Osteoporosis is a condition that more often affects post-menopausal women. In many cases, osteoporosis may only be noticed when a minor incident causes a significant bone fracture. If you are post-menopausal, there are ways you can reduce your risk of developing osteoporosis:
Don't Skip Vital Nutrients
Much of the information on nutrients is focused on women during their childbearing years. Although you are post-menopausal, you should continue to pay attention to your intake of vitamins and nutrients, although your needs may change. It is important to start or continue taking multivitamins that contain the daily recommended value of vitamin D and calcium. Other important nutrients include trace minerals, such as magnesium and phosphorous. Many manufacturers of multivitamins have specific variations for post-menopausal women to make selecting the right product easier.
To aid in acquiring the right nutrients for bone health, try to include foods that are high in calcium and vitamin D. Include a serving of dairy or dairy alternatives at each meal throughout the day. For example, add milk, half and half, or cream to your morning coffee, tea, or smoothie. Yogurt, cottage cheese, cheese, and sour cream are other ways you can increase calcium throughout the day.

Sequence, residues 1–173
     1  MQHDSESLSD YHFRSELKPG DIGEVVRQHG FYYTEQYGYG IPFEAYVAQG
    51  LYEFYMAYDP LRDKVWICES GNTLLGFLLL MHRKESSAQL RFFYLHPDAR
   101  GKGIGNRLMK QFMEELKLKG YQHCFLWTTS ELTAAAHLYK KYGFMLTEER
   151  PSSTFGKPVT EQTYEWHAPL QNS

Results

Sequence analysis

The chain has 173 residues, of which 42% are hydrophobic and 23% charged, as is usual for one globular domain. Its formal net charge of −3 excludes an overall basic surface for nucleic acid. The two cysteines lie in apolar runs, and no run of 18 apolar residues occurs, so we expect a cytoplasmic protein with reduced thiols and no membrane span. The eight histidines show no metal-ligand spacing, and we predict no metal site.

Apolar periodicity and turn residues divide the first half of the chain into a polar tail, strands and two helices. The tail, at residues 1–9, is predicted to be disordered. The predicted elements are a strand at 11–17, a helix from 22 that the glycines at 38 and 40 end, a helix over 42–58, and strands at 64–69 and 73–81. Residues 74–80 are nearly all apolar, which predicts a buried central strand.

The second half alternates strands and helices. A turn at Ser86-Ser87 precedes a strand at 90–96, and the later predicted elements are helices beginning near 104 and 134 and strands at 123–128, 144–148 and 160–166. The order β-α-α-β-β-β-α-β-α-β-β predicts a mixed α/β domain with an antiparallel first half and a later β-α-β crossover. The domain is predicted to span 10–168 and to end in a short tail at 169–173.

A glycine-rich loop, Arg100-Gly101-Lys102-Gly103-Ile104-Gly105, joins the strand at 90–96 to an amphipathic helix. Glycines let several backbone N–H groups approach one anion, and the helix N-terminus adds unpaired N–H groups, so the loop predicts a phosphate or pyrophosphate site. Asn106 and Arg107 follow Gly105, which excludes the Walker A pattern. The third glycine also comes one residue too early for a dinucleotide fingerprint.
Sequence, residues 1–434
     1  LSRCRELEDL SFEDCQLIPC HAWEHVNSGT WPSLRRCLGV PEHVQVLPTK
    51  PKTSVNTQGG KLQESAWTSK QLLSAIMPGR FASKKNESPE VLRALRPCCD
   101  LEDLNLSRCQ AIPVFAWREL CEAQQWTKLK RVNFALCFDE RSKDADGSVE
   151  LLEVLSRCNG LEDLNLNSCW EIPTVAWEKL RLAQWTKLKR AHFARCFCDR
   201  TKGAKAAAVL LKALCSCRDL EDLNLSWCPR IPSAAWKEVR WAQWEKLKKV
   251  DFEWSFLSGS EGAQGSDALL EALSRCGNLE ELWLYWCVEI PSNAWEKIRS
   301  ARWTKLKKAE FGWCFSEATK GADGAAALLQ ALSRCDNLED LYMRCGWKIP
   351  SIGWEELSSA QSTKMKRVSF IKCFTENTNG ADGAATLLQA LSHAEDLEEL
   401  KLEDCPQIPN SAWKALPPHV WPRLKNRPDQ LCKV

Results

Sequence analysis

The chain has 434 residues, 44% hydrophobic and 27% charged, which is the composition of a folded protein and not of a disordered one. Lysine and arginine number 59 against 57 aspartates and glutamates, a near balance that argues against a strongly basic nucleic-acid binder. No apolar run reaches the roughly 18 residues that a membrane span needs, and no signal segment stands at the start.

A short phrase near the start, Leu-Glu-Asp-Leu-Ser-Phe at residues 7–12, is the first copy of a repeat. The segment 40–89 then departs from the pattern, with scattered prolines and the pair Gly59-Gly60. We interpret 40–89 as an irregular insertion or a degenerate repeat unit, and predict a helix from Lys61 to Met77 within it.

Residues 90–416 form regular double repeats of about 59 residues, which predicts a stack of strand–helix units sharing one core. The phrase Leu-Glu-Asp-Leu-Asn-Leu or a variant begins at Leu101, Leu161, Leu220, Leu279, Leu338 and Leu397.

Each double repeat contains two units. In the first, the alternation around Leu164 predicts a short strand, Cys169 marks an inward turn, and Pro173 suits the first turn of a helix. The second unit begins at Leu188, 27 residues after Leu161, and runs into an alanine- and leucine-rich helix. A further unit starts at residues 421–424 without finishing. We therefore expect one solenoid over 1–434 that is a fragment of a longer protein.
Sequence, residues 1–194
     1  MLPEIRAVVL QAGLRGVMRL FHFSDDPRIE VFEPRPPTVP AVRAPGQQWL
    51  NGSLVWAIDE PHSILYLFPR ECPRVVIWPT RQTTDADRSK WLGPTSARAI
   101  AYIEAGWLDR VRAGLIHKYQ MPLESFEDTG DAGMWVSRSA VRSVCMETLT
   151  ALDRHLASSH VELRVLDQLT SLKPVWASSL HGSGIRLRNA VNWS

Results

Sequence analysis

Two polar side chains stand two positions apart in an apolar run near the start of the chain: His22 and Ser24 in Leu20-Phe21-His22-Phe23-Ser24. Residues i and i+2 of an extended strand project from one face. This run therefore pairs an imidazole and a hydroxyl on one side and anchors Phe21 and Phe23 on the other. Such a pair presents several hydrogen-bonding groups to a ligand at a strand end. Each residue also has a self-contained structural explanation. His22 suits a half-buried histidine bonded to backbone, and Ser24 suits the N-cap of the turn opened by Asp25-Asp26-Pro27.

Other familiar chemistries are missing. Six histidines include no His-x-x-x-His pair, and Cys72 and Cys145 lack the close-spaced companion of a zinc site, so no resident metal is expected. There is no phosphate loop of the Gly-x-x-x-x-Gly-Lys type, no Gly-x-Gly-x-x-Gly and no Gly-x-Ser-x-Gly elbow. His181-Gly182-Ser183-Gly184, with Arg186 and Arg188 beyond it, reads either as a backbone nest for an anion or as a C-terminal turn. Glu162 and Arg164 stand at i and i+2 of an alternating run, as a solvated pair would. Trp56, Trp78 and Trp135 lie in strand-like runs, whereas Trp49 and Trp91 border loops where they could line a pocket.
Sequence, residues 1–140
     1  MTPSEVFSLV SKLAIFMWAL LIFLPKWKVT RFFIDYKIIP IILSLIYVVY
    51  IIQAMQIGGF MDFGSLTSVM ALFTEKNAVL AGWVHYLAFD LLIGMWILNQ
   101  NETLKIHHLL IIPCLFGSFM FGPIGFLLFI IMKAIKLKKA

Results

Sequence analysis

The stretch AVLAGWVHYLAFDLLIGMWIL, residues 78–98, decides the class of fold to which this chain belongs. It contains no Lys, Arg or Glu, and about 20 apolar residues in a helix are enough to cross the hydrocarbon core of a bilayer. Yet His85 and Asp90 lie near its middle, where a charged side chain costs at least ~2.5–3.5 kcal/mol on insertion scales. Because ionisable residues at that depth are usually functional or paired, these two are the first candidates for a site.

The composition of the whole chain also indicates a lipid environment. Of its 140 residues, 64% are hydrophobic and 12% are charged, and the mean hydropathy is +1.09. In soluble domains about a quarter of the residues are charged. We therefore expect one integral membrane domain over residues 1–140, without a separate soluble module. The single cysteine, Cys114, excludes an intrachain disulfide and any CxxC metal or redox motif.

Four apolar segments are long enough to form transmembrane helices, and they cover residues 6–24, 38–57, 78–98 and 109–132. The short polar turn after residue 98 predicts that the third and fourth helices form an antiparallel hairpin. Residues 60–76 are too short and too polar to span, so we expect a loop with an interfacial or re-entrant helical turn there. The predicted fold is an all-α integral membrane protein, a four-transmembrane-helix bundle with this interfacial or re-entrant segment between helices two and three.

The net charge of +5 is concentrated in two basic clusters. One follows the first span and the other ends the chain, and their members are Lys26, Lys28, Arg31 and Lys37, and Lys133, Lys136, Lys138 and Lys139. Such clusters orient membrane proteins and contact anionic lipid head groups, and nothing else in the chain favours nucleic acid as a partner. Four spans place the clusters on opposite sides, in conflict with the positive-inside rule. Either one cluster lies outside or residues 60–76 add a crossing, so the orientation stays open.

Include Regular Exercise
Regular exercise is important for building and maintaining strong bones. If you are already physically active, it is much easier to maintain bone strength throughout your post-menopausal years. For women who are just starting to exercise, low-impact workouts, such as walking or aerobics videos for beginners are good places to start. Eventually, you should incorporate strength training exercises that use free weights, resistance bands, or your own body weight. Safely adding resistance to your workouts is one way you can increase bone density and reduce your risk of osteoporosis later in life.
Have A Bone Density Scan
It is important to talk with your doctor about the best age to begin bone density scans. In general, it is recommended to start screenings at age 65. If you have certain risk factors that increase your chances of developing osteoporosis at an earlier age, your doctor may wish to begin screenings earlier. Some risk factors may include early-onset menopause, a history of falls, or being a smoker. If you have certain chronic diseases, such as inflammatory arthritis, or a history of using corticosteroids for autoimmune diseases or respiratory conditions, you should ask your doctor how this changes your screening age. Both inflammatory arthritis and corticosteroids can contribute to lowered bone density, making you more vulnerable to osteoporosis.
Osteoporosis can be a devastating condition, especially since it may go undetected until you experience a broken bone. Making good lifestyle choices and having appropriate screenings can reduce your risk for osteoporosis and help you start treatment early if it occurs.
Contact a medical center for postmenopausal osteoporosis information and assistance.Share
29 July 2017
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